Wednesday, May 12, 2010

Marea named best new restaurant in America

Marea (240 Central Park South)

The James Beard Awards have been called the Oscars of the food world, honoring the best and brightest of the food and beverage industry.  So when the 2010 Awards recently named Marea the best new restaurant in the country, you had best be believin' I was on the phone immediately trying to secure a reservation.

Best? In the whole country?  That's a tall order to fill, and I was more than ready to taste for myself.

For starters, it would be hard to find a more prestigious location.  Near the corner of Broadway and Central Park South, Marea overlooks Central Park and Columbus Circle.

Unfortunately, our own location within the restaurant wasn't nearly as impressive.  Besides the Egyptian onyx and rosewood bar a few steps from the entryway, nothing about the design is particularly remarkable.  Although I did appreciate the lack of "stuff" and a more pristine feel of a gallery where the food is the showpiece, far too many tables (such as ours) were directly touching service stations.  Yes, touching... as in, if my dinner companion had scratched his noggin' too zealously, his elbow would have been in the top drawer.  I know, I know... you're probably thinking exactly what I thought.  How on earth is it possible an establishment that has catered to such royalty as Kanye West might not immediately recognize the face of renowned blog, Amuse * Bouche?

Needless to say, even if I didn't get a chance to try every item on the menu, I have now memorized each relish fork, fish knife, and caviar spoon in rotation.  Something about sitting next to a drawer chest of all the flatware thousands of people have previously licked is a little more than off-putting, especially when dropping a couple Benjamins on a luxurious dinner.

That having been said, the meal itself was worthy of every accolade it has garnered.  The service was impeccable, and even if they had no idea who I was, we were treated splendidly, and had an experience neither of us will soon forget.

Let me offer two important suggestions: 1) become familiar with the menu before you arrive.  It's extremely overwhelming, and literally every dish offers appealing components.  We spent nothing shy of half an hour debating what we should order, and there were only two of us; 2) I highly recommend the prix fixe option.  At dinner, $89 includes four courses (any starter, any pasta, any meat or seafood entree, and any dessert).  The lunch option for $34 includes a starter and a main course.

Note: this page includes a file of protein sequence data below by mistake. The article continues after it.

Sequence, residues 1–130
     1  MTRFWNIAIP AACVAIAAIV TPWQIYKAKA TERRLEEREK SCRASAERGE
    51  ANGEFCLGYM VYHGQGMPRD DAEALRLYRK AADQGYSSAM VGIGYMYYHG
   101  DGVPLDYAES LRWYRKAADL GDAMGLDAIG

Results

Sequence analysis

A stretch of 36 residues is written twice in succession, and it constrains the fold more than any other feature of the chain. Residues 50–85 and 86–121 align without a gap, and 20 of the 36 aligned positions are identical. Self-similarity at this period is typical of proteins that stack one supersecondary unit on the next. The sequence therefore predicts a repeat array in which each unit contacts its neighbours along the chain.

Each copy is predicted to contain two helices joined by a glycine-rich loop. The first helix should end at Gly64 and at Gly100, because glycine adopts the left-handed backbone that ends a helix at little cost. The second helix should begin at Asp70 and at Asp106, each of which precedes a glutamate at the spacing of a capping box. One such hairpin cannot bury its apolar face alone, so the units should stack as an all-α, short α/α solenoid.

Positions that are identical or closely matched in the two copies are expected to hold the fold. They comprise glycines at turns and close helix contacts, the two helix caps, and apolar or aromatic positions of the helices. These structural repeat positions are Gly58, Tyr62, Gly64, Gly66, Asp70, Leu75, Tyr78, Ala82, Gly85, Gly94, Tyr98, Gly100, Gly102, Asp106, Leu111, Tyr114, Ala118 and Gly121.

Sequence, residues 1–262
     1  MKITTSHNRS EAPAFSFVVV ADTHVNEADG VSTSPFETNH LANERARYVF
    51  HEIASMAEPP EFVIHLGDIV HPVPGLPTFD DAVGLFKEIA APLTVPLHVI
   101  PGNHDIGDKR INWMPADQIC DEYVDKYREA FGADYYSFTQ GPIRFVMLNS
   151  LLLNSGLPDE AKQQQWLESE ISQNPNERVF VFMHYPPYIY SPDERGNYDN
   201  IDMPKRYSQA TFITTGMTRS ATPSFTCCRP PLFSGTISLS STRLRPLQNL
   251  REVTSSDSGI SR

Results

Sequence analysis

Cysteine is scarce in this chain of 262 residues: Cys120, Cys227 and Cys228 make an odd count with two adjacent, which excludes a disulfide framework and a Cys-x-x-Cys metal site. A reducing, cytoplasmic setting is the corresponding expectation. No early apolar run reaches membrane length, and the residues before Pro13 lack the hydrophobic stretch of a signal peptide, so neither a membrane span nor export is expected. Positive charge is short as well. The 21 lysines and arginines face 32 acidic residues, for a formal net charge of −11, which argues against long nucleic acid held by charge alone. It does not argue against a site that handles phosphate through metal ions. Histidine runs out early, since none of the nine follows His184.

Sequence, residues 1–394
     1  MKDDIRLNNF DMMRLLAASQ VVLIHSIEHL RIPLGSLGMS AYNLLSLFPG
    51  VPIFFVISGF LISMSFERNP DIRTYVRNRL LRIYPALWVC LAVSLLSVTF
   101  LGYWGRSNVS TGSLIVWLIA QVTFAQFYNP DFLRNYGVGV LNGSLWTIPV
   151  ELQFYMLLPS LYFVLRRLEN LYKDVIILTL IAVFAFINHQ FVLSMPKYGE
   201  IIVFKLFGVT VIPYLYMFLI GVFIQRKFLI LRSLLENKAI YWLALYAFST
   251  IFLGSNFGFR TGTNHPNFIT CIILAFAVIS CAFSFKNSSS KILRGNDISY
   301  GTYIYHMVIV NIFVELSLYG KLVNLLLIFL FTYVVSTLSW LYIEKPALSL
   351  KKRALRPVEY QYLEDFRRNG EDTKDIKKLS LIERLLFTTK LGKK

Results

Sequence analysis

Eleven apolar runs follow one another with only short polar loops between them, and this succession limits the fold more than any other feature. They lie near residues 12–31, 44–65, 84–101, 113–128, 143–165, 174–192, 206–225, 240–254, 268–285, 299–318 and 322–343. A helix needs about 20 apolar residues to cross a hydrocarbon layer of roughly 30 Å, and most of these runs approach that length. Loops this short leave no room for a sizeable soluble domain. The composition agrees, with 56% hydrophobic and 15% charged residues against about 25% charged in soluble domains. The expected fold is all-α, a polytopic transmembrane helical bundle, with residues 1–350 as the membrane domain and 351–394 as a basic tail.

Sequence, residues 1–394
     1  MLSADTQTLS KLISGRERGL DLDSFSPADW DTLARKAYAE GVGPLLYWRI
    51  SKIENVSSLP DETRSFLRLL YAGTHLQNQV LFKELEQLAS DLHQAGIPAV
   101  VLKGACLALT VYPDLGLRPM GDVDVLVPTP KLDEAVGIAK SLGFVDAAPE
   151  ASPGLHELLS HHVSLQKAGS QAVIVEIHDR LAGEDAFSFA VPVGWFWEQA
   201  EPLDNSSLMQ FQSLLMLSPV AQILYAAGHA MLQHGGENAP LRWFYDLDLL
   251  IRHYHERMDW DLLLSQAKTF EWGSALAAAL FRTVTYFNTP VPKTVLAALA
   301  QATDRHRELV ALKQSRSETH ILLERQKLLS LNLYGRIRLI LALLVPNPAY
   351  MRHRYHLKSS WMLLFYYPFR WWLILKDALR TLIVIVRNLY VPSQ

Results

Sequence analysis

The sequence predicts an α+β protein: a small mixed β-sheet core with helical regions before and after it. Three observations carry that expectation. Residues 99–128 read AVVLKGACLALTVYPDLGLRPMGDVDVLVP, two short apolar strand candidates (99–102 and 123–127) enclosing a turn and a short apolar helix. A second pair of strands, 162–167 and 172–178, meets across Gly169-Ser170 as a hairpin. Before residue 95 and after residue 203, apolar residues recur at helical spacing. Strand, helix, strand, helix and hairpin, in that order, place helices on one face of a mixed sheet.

With the guidance of our profoundly knowledgeable and down-to-earth server, we constructed what I will remember as one of my top five dining experiences anywhere.  Though the emphasis is on fresh seafood (Marea is the Italian word for tide), executive chef Michael White (of Alto and Convivio) has created a beautiful selection of homemade pastas and meats, as well.

An amuse-bouche of salmon lollipops with black currant and basil

The Ricci is a crostini of sea urchin and sea salt blanketed with a sheet of lardo (herb-cured salume)

Santa Barbara spot prawns with Meyer lemon and black lava salt (one of our three selections in the crudo tasting)

Long Island fluke with lemon thyme and a drizzle of ligurian olive oil

Pacific jack mackarel with eggplant caponata

One of our favorite dishes was the Astice.  Succulent pieces of Nova Scotia lobster atop a creamy burrata (made from buffalo mozzarella and cream), with egglpant al funghetto, heirloom tomatoes, and basil.  See that gorgeous "caviar" on the left?  It's actually rehydrated basil seeds (the shell husk becomes transparent, creating the caviar illusion).  It tasted even more delicious than it looks.

A most wonderfully tender grilled octopus with rice salad, fava, and yellow tomatoes.

I cannot begin to explain how outrageously phenomenal this spaghetti was.  One of my favorite pasta dishes in the whole world, and so simple.  Crab, Santa Barbara sea urchin, and basil in a light tomato sauce, with buttery bread crumbs that offered the perfect contrasting texture.  I could honestly devour this every day of my life.

Fusilli with red-wine braised octopus and bone marrow.

Our server generously brought us a complimentary extra course of veal agnolotti with chantarelle mushrooms and sweetbreads (calf thymus and pancreas).  A perfect example of a flawlessly hearty dish from the land.

Enormous, buttery sea scallops (filet mignon of the sea!) with braised leeks, sweet fig, and a polenta croquette.

The most incredible sirloin ever to touch my lips.  A 50 day dry-aged Creekstone Farms, grass-fed organic sirloin perched on a bed of bone marrow panzanella (toasted bread salad).  It was easily 16 oz., and though not from the sea, one of my favorite dishes of the evening (of my life, actually...and I am not exaggerating).

Dessert was a moist pistachio cake with chocolate ganache, toasted pistachios, pistachio gelato, and a kumquat marmalade.

The sweet ending star, however, was the Affogato, a glass goblet "float" of zabaglione gelato with espresso and amaro.  A decadent coffee and dessert all in one.

The check was presented with a silver pedestal of house made chocolates.  The perfect ending to an incredible dinner.

Who cares if we had to sit in the silverware drawer?  The food is the stuff around which families plan vacations, and then regale the meal for years and years.  I'm lucky enough to live just a fifteen-minute subway ride away.  Though my wallet can't handle it on a regular basis, e-mail me if you want to join me sometime for the lunch prix fixe! 

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